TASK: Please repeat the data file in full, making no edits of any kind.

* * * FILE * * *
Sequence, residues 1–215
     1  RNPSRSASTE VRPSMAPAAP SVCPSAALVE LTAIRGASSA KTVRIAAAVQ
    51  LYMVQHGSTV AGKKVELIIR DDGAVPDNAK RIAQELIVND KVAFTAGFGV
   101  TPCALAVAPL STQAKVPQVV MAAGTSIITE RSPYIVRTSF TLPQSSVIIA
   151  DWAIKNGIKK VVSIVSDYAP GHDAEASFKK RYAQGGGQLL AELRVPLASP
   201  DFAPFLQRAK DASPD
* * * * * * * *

Sequence, residues 1–215
     1  RNPSRSASTE VRPSMAPAAP SVCPSAALVE LTAIRGASSA KTVRIAAAVQ
    51  LYMVQHGSTV AGKKVELIIR DDGAVPDNAK RIAQELIVND KVAFTAGFGV
   101  TPCALAVAPL STQAKVPQVV MAAGTSIITE RSPYIVRTSF TLPQSSVIIA
   151  DWAIKNGIKK VVSIVSDYAP GHDAEASFKK RYAQGGGQLL AELRVPLASP
   201  DFAPFLQRAK DASPD